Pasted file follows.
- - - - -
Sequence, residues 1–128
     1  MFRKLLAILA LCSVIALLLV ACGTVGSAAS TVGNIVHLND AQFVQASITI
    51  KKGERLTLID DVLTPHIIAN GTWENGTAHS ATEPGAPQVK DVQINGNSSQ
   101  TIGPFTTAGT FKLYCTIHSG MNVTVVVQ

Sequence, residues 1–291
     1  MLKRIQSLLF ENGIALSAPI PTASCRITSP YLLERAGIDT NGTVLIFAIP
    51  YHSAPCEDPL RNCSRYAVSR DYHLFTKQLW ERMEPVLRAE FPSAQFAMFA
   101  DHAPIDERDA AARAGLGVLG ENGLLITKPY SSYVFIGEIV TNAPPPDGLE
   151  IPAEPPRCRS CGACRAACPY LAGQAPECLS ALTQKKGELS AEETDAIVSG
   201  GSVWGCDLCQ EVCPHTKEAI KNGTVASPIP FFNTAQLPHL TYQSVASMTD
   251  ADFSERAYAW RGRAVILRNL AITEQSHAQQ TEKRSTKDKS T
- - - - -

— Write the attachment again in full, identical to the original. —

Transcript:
Sequence, residues 1–128
     1  MFRKLLAILA LCSVIALLLV ACGTVGSAAS TVGNIVHLND AQFVQASITI
    51  KKGERLTLID DVLTPHIIAN GTWENGTAHS ATEPGAPQVK DVQINGNSSQ
   101  TIGPFTTAGT FKLYCTIHSG MNVTVVVQ

Sequence, residues 1–291
     1  MLKRIQSLLF ENGIALSAPI PTASCRITSP YLLERAGIDT NGTVLIFAIP
    51  YHSAPCEDPL RNCSRYAVSR DYHLFTKQLW ERMEPVLRAE FPSAQFAMFA
   101  DHAPIDERDA AARAGLGVLG ENGLLITKPY SSYVFIGEIV TNAPPPDGLE
   151  IPAEPPRCRS CGACRAACPY LAGQAPECLS ALTQKKGELS AEETDAIVSG
   201  GSVWGCDLCQ EVCPHTKEAI KNGTVASPIP FFNTAQLPHL TYQSVASMTD
   251  ADFSERAYAW RGRAVILRNL AITEQSHAQQ TEKRSTKDKS T